A unit of the U.S. Department of Defense has been holding so-called “arrival ceremonies” for seven years, with an honor guard carrying flag-draped coffins off of a cargo plane as though they held the remains of missing American service men and women returning that day from old battlefields.
After NBC News raised questions about the arrival ceremonies, the Pentagon acknowledged Wednesday that no honored dead were in fact arriving, and that the planes used in the ceremonies often couldn’t even fly but were towed into position.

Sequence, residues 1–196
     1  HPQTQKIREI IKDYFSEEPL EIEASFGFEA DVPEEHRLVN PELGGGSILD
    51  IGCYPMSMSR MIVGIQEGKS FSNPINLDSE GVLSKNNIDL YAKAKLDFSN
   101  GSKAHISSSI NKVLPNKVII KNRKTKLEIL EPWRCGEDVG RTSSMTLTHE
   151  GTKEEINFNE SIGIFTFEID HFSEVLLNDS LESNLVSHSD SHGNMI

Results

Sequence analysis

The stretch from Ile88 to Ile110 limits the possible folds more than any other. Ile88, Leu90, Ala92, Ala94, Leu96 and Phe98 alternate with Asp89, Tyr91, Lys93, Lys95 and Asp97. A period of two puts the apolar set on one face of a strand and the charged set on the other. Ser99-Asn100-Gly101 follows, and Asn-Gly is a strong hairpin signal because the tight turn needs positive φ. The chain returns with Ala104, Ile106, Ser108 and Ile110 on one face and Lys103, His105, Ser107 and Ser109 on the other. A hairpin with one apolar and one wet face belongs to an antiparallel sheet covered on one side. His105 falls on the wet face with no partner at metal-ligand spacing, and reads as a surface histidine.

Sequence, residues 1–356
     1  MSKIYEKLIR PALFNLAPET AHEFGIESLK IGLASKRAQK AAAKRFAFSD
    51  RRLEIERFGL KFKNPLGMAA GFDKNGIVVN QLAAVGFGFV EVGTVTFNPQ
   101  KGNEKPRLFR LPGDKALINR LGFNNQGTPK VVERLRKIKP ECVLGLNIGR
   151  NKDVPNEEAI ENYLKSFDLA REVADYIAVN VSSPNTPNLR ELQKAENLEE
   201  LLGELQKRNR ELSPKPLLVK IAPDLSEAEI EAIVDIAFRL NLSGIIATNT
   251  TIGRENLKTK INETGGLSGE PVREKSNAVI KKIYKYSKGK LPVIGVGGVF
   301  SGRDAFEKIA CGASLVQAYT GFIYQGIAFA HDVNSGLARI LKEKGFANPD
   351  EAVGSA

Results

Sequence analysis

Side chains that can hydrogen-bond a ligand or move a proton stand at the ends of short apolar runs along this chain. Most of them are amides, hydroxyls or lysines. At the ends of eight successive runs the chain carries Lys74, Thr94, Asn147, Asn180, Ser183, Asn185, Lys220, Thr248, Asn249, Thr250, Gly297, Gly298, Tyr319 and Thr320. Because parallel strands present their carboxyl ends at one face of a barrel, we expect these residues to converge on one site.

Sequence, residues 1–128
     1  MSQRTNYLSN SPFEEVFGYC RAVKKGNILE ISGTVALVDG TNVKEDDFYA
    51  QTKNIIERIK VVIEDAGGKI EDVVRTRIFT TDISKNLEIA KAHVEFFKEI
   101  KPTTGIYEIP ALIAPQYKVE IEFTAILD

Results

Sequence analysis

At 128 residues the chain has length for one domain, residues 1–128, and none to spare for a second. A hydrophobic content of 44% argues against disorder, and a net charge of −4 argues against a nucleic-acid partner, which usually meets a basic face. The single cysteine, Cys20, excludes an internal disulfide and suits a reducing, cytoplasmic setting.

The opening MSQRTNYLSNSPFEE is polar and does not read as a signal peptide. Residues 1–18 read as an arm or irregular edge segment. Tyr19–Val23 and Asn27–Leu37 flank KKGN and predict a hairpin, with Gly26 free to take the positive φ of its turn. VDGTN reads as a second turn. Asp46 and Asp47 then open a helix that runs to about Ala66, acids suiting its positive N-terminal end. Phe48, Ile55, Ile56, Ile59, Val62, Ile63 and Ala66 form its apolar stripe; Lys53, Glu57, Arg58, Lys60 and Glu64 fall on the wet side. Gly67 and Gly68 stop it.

The solemn ceremonies at a military base in Hawaii are a sign of the nation’s commitment to returning and identifying its fallen warriors. The ceremonies have been attended by veterans and families of MIAs, led to believe that they were witnessing the return of Americans killed in World War II, Vietnam and Korea.
The ceremonies also have been known, at least among some of the military and civilian staff here, as The Big Lie.
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